Future food

As the food tech market booms Io Kawauchi speaks with Hirotaka Tanaka and Akiko Okada, authors of a new book on the topic, about Japan’s contribution to the revolution brewing in the world’s kitchens

The food industry is one of the largest in the world – after all, everybody eats. But are we producing and consuming food the right way, especially considering the impact food production has on the climate and food consumption has on public health? Food tech is about using technology to make food better – smarter, greener, healthier, less wasteful, more efficient and more sustainable. It isn’t only about ingredients – it’s also about cooking methods, cookware and logistics including deliveries, as well as robotics. Global startup investment in food tech reached approximately $15 billion in 2019 – a figure about five times larger than five years earlier.

Japan usually has its finger on the pulse of new technology, and food tech is no exception. A number of startups have appeared in recent years, while major food and consumer electronics companies as well as real estate developers, including Ajinomoto, Panasonic and Tokyo Tatemono, have also entered the market.

Hirotaka Tanaka

Akiko Okada

Hirotaka Tanaka and Akiko Okada have been watching these developments with interest. As the co-authors of Food Tech Revolution: The Evolution and Redefinition of Food, they have charted the progress made in Japanese food tech. Asked which products excite them, Tanaka mentions Base Food, a startup that’s developed a brand of “complete nutritional food”, which provides a third of a person’s daily nutritional needs in one meal. Launched in 2016 by Shun Hashimoto, who previously worked in business development at IT firm DeNA, Base Food has created more nutritional versions of high-carb foods such as bread and pasta.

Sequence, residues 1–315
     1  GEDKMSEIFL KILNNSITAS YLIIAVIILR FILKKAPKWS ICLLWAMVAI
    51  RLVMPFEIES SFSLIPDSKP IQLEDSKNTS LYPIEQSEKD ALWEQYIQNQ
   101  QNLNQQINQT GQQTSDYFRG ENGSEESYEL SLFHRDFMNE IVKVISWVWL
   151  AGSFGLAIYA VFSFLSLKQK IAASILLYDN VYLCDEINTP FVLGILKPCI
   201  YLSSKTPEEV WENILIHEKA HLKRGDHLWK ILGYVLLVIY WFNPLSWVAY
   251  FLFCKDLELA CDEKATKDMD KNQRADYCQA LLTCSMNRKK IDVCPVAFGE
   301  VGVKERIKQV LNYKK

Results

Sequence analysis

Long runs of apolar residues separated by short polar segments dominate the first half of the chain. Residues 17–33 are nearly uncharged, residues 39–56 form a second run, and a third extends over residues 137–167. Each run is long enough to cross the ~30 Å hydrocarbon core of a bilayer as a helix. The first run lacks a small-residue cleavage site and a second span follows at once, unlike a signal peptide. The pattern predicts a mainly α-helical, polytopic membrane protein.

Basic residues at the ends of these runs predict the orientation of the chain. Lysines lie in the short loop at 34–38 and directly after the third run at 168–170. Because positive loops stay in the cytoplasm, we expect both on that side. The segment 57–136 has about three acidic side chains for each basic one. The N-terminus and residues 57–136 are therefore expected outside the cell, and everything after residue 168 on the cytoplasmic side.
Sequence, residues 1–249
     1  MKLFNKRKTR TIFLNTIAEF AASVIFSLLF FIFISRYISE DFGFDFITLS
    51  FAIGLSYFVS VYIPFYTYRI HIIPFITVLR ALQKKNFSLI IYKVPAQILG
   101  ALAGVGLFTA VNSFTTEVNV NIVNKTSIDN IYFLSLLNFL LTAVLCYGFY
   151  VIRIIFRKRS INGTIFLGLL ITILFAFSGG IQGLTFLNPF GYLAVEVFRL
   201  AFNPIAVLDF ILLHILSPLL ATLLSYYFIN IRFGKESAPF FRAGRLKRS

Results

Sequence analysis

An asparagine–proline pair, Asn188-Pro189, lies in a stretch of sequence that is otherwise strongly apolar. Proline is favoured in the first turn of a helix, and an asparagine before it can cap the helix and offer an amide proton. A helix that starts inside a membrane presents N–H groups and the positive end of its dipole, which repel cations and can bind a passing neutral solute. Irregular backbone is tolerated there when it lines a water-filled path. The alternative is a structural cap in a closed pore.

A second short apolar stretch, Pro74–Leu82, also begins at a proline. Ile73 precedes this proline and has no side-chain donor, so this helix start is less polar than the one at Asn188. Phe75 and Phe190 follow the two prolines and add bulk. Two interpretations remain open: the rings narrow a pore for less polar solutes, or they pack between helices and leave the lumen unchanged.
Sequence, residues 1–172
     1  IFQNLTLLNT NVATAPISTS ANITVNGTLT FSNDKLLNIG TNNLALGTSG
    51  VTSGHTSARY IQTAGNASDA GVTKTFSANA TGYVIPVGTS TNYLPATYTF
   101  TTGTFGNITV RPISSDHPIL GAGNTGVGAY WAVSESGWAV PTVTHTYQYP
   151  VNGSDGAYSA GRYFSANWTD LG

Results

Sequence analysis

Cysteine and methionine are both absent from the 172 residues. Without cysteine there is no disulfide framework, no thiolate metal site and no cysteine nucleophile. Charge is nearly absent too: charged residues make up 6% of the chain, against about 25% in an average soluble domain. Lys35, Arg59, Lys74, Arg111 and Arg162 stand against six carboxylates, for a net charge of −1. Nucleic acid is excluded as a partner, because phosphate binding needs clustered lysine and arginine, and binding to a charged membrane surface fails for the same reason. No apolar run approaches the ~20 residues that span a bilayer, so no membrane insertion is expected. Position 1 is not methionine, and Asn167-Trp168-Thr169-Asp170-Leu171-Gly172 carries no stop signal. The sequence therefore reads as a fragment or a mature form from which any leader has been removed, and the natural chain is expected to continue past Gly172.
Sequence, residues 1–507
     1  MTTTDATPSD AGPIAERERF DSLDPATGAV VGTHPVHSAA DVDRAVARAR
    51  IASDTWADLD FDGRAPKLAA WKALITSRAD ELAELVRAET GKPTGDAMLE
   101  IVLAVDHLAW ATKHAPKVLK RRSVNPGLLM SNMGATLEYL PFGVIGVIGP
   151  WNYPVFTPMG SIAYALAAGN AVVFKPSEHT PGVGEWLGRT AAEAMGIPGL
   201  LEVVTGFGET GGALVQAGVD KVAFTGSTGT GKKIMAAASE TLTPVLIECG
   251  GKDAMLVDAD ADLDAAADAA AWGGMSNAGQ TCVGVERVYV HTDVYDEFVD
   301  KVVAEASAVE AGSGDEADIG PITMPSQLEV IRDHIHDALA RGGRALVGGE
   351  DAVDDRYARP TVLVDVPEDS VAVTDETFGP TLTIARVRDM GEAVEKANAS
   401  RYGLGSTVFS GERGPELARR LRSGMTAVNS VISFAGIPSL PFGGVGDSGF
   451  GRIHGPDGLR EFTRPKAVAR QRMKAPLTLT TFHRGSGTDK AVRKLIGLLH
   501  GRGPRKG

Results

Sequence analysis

“An employee at Panasonic who was worried about her grandmother’s dysphagia came up with the idea of a device that would allow family members to eat together”

The new food technology

“Too many carbs can cause obesity and diabetes, while the ‘complete nutritional diet’ offered by Base Food could make society healthier,” says Tanaka. “They’ve been working with [food corporation] Ajinomoto to pursue better-tasting products.” Okada recommends the DeliSofter, a cooking device for dysphagia that allows you to soften dishes without changing their taste or appearance. It couldn’t be simpler – you press a button and hard, chewy food becomes soft and easy to eat. More than 100 types of dishes can be prepared, and the 500 units that were released in 2020 have sold out. Gifmo, a venture business by Panasonic, is now seeking to expand production. Okada reveals the DeliSofter’s origin story. “An employee at Panasonic who was worried about her grandmother’s dysphagia, a medical condition that makes swallowing difficult, came up with the idea of a device that would allow family members to eat the same food together [regardless of their circumstances],” she says. “That it was invented in Japan is no surprise, as we have a rapidly aging population.”

While the creations by startups such as Base Food and Gifmo are capturing the imagination, Tanaka points out that plenty of existing technologies in Japan have the potential to make inroads globally.